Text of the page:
Woman Uses Toothpaste to Teach Daughter a Lesson

A Tennessee mom is sky-rocketing to viral fame thanks to a tube of toothpaste and her anti-bullying message.



In the now-viral Facebook post, Amy Beth Gardner relays a simple visual demonstration she conducted for her daughter using the toothpaste tube. The toothpaste can never be put back in the tube, she explains, just like bullying words cannot be unsaid once they leave a person's mouth.

"You will remember this plate of toothpaste for the rest of your life," Amy told her daughter, according to the post. "Your words have the power of life or death. As you go into middle school, you are about to see just how much weight your words carry. You are going to have the opportunity to use your words to hurt, demean, slander and wound others. You are also going to have the opportunity to use your words to heal, encourage, inspire and love others. You will occasionally make the wrong choice; I can think of three times this week I have used my own words carelessly and caused harm. Just like this toothpaste, once the words leave your mouth, you can't take them back."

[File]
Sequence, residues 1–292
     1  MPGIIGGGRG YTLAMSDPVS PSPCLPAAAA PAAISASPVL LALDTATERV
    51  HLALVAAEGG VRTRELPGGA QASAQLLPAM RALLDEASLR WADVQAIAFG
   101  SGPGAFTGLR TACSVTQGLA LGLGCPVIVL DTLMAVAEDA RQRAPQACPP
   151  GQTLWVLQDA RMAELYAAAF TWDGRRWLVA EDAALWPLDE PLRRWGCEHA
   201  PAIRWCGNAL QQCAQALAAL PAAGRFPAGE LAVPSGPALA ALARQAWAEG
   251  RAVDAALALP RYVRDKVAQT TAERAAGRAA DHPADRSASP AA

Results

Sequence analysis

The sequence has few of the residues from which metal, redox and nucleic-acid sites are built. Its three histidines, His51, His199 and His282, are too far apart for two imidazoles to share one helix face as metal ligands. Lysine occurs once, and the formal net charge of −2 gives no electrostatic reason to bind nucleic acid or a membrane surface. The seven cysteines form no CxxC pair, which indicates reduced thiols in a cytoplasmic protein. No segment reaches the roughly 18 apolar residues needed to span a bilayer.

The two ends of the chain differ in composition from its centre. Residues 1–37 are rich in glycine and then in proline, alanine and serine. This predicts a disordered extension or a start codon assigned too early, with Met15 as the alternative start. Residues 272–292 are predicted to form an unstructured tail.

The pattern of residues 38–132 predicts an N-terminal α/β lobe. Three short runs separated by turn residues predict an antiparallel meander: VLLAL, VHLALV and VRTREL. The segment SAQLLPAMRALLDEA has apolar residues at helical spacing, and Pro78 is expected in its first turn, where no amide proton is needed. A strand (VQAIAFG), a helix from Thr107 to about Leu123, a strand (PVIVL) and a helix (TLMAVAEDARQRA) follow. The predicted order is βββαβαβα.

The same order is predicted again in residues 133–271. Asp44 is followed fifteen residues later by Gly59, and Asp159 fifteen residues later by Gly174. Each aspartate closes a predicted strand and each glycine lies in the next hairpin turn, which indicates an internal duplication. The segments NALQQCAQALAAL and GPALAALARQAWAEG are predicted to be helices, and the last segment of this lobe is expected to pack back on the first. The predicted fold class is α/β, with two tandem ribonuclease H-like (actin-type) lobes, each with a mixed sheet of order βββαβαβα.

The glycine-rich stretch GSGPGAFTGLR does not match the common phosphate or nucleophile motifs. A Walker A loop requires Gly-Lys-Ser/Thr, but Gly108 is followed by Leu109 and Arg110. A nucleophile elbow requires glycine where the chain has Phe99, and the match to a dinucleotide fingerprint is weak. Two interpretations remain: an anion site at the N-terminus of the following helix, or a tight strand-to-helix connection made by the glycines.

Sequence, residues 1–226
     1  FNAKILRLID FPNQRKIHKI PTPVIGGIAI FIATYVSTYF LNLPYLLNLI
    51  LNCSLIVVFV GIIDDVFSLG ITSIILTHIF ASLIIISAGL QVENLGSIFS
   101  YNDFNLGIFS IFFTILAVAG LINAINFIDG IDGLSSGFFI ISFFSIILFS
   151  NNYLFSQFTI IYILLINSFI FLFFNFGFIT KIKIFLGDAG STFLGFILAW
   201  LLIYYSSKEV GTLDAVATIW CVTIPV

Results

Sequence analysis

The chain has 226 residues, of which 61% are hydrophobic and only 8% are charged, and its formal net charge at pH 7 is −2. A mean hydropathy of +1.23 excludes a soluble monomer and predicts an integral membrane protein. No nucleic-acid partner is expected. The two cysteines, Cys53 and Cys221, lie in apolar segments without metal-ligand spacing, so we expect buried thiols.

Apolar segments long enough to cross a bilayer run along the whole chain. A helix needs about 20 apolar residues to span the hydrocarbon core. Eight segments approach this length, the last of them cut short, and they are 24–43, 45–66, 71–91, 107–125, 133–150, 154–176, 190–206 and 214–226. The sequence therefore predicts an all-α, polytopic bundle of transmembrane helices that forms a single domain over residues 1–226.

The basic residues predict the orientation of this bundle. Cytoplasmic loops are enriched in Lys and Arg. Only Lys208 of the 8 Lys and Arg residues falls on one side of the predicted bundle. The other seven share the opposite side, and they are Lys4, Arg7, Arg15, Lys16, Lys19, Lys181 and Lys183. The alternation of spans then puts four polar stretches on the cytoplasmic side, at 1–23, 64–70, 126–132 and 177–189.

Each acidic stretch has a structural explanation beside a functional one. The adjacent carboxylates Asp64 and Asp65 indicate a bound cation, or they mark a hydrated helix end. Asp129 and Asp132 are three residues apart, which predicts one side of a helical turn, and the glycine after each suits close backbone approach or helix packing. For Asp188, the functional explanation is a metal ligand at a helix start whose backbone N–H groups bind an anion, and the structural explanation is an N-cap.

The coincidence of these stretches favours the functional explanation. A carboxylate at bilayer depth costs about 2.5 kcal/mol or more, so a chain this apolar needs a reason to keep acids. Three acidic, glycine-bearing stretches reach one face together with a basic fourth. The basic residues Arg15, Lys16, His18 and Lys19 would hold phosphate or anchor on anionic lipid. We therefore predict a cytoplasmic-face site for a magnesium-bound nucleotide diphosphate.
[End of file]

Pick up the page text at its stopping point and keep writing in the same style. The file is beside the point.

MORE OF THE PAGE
As of the writing this article, her post has been shared more than 570,000 times.


Gardner's message about the lifelong impact of bullying has scientific merit.

As ATTN: noted in spring 2015, the effects of bullying linger well after childhood. Research from the Lancet medical journal found that childhood bullying can create mental health issues for people later in life and that bullied kids are five times more likely to suffer from anxiety and twice as likely to suffer from depression and self-harm than children who are abused by adults.

"It really does knock your self-esteem and how you approach people," study author Dr. Dieter Wolke told ATTN: at the time. "If you get bullied for a long time, you don't trust other people. We also found in a different study that you're less likely to [be able to] work in teams, to find a partner, to trust others, [and more likely to] leave a job sooner because you don't like the conflict."

Bullying, of course, can also be unbearable in the short-term. Last week, a 13-year-old boy named Danny Fitzpatrick committed suicide and left a note in which he described torment from his peers, and a lack of support from school officials.

"I am writing this letter to tell about my experience in Holy Angels Catholic Academy," Fitzpatrick wrote. "At first it was good ... lots of friends, good grades and great life. But I moved and went back but it was different. My old friends changed they didn't talk to me they didn't even like me."

He continued, "I gave up. The teachers [...] they didn't do anything."